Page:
Berry objected to Coulman's proposed order. He again argued that only CSSD could modify the 2011 support order. Berry also argued that there was no material and substantial change in circumstances to warrant modification of the support order. Berry addressed the different support obligations in the proposed order separately and argued that the proposed amounts for March through June 2016 and from February 2017 onward were modifications of less than 3% and less than 6% respectively - far below the 15% threshold for a presumed change in circumstances.[8] Berry also argued that his deployment from July 2016 to January 2017 was temporary and not a permanent change in income, so it should not be used as the basis for modification. Finally he argued for the first time that Alaska no longer had jurisdiction to modify the order pursuant to AS 25.25.205[9] and the federal Full Faith and Credit for Child Support Orders Act (FFCCSOA).[10]

         Coulman replied, arguing that pursuant to AS 09.05.010 Berry had put child support at issue when he filed his custody complaint. In response to Berry's newly raised jurisdictional argument, Coulman emphasized that support is part of custody under Rule 90.3.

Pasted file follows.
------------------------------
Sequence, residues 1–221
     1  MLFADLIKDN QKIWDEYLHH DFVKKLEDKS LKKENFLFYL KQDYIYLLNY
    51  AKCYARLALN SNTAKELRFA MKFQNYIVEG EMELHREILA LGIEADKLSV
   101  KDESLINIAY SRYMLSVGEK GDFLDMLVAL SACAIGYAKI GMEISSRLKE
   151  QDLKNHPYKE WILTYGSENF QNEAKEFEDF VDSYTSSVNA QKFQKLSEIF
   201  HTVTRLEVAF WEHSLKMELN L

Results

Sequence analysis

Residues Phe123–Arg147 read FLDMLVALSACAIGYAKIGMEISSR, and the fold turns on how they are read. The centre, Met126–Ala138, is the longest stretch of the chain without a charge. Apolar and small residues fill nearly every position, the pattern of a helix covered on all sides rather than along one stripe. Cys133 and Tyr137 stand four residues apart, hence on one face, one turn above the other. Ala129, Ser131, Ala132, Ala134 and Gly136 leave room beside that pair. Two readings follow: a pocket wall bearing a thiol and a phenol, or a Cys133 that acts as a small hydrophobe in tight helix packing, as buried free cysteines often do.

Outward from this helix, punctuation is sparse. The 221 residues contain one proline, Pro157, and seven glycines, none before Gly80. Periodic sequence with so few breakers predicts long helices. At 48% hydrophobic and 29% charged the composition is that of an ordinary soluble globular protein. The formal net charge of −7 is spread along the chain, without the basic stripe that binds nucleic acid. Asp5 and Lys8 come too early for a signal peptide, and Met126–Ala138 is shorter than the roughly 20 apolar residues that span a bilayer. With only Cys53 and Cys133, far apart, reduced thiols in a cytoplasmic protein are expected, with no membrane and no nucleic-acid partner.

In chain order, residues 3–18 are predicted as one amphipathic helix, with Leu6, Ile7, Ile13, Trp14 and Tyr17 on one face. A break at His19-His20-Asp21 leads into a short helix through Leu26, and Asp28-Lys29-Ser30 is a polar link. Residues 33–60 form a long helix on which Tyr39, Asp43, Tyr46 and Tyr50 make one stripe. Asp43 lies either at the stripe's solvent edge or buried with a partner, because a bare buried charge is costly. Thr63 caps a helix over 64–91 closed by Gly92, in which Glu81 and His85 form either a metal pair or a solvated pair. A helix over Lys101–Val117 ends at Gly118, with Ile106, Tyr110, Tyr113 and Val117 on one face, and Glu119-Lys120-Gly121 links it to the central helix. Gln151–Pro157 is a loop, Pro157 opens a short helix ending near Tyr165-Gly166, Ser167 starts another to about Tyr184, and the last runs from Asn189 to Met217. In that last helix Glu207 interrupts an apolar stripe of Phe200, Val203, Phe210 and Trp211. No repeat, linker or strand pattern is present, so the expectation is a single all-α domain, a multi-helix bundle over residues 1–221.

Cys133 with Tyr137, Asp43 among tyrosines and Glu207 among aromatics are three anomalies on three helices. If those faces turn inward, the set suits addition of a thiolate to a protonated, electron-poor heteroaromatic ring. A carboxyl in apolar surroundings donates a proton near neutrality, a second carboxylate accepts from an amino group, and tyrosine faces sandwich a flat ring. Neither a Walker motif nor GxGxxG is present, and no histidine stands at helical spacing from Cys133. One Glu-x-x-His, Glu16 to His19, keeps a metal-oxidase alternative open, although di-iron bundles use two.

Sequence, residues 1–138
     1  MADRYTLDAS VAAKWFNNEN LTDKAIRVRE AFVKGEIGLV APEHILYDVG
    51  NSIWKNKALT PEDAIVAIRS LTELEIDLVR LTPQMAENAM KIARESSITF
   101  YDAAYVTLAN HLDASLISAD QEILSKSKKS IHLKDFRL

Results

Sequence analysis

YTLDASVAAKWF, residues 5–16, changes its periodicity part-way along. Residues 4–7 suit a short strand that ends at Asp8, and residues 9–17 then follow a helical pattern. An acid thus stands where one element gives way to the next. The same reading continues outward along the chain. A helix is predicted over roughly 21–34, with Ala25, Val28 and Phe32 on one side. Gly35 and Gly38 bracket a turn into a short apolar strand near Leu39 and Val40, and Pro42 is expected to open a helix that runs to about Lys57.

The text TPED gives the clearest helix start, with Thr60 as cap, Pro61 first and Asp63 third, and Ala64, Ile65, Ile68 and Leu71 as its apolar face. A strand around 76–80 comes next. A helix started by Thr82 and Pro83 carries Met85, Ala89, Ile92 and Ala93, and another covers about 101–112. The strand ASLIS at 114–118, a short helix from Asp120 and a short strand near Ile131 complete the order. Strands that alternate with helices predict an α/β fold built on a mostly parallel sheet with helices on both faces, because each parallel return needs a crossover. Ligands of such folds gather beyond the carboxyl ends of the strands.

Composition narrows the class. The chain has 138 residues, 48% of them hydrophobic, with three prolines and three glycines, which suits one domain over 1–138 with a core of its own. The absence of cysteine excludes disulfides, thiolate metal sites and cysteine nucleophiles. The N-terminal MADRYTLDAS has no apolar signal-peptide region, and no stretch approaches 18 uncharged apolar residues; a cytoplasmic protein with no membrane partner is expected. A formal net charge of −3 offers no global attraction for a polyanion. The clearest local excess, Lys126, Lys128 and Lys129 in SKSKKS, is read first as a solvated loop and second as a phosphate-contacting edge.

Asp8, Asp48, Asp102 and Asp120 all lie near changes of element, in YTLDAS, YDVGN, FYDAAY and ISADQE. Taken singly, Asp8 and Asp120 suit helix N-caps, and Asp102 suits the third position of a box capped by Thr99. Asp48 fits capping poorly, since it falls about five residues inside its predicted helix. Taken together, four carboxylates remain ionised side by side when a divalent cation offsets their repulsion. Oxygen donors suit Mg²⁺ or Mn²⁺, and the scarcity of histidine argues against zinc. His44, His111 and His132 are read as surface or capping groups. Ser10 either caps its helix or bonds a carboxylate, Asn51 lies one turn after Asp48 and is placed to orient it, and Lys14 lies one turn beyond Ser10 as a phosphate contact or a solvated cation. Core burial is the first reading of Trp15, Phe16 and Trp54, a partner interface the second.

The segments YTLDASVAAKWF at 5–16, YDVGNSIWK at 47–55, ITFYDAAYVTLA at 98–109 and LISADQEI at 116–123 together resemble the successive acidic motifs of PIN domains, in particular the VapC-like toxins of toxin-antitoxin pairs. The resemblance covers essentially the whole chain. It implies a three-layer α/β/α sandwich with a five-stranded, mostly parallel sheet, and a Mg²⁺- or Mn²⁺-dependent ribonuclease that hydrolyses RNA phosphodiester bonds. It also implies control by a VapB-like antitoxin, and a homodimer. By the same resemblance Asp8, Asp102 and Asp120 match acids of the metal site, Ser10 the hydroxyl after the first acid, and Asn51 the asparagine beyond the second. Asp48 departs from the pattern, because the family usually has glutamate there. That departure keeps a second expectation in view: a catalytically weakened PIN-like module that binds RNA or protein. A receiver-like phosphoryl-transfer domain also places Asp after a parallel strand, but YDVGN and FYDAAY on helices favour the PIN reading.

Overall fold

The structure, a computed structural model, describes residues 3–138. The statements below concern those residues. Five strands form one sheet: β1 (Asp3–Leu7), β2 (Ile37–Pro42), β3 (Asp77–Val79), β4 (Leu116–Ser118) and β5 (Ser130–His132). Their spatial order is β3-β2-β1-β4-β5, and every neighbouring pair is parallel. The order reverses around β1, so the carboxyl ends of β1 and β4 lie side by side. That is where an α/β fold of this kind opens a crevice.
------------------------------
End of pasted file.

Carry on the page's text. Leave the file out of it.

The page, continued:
The superior court issued its final custody order in September 2017. It ordered shared legal custody between the parents and awarded Coulman primary physical custody. The order's only reference to child support states:

Child support shall be ordered pursuant to Rule 90.3 of the Alaska Rules of Civil Procedure. A child support order shall enter separately. It is recognized that a judicial child support order is being entered over [Berry's] objections. Such objections were previously raised on the record in this matter.

         On the same day the court signed Coulman's proposed order modifying child support. The court did not otherwise address Berry's objections or expressly state its jurisdictional basis for modifying the order.

         Berry appeals the superior court's order modifying child support. He has not appealed any aspect of the court's custody order.

         III. STANDARD OF REVIEW

         Whether a court has jurisdiction to modify a child support order presents a question of subject matter jurisdiction, [11] which is a question of law that we review de novo.[12] "We reverse child support awards only if the superior court abused its discretion, applied an incorrect legal standard, or clearly erred in its factual findings."[13] Upon a showing of a material change of circumstances as provided by state law, the superior court may modify a final child support ...